But Anaximander then went on to question ales, countering that, if we are to nd the
original source of all things, there must be something that itself has no beginning, which
he called the “innite” or the “Boundless.” e Boundless “encompasses all things,”
and “steers all things.” It is not water but the Boundless that is the ultimate source.
But how does the Boundless engender the many individual things we experience
in the world? Anaximander oered an answer to this question, unsatised
with simply stating, in Lao-Tzus fashion, “Tao is empty but inexhaustible,
bottomless, the ancestor of all.[59]Anaximander argued that the Boundless
generates the many through its own vortex motion, which results in the lightest
objects moving up and the heavy ones down, leading to the ordered arrangement
we see around us of ery stars, airy sky, watery clouds, and earthly objects.
Xenophanes explicitly challenged the notion that the gods had “revealed all things
from the beginning to mortals,” and the poets’ claim to divine revelation; humans
must look for themselves what is true “by seeking,” by asking questions: How much
can we know? How can we know it? is is epistemology, a branch of philosophy
uniquely European. It involves thinking about what distinguishes justied belief from
mere opinion; it is the study of knowing, of what it means to have knowledge—logos.
Heraclitus in particular uses the termlogosto refer to the in-built patterns of change
he discerned in the world. He argued that things become through opposing forces and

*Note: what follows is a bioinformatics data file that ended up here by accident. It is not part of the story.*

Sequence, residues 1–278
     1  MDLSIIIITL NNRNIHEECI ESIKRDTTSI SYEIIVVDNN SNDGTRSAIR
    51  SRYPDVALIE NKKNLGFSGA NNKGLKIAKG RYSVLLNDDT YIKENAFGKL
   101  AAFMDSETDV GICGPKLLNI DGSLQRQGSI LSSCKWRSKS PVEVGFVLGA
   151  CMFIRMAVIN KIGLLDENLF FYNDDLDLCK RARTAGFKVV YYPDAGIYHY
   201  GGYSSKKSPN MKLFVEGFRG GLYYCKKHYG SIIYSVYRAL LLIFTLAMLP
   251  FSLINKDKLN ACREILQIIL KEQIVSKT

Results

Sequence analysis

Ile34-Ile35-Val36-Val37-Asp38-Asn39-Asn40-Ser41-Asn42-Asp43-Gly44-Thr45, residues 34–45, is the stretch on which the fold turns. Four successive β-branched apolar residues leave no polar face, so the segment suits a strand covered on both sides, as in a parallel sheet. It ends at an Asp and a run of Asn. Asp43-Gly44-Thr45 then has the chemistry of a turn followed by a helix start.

conict; everything is in a state of continuous becoming; driven by alogoswherein
everything that exists results from the opposition of forces, and this is the way things
must be—justice—since all things presuppose their opposite; there can be no light
without darkness. is endless movement is the basic principle, the logos, the ground
of all things. Only the few can apprehend it:
islogosholds always but humans always prove unable to understand
it, both before hearing it and when they have rst heard it. For though
[59] Tao Te Ching: A New Translation. Sam Hamill, Trans. (Shambhala Classics, 2005), 6.
all things come to be in accordance with this logos, humans are like the
inexperienced when they experience such words and deeds as I set out,
distinguishing each in accordance with its nature and saying how it is.[60]
Strife and opposition are not evil but part of the order of things. One can
apprehend this pattern not with eyes and ears but by looking within oneself,
within one’s mind, and discovering therein thelogos, which is the truth, and
which is common to all things.As Heraclitus once said: “I thought for myself.
But Parmenides, known for his insistence that one must go wherever “reasoning
takes you, even if it contradicts the senses, came to the conclusion that there can be
no becoming, no change, no beginnings or endings, since something that is, cannot
cease to be, for that would mean that there is always a point at which it is passing into
what it is not, and what is not cannot be thought, reasoned about, for it is nothing;
therefore, all things that exist must be “all at once, one and continuous.” e ultimate
is present in all things, and it is one, eternal, and indivisible. is led Zeno to propose
his famous paradoxes revolving around the idea that motion is impossible because it
contains the contradiction that something is and is not simultaneously.
Needless to say, these summations are oversimplications, but my aim is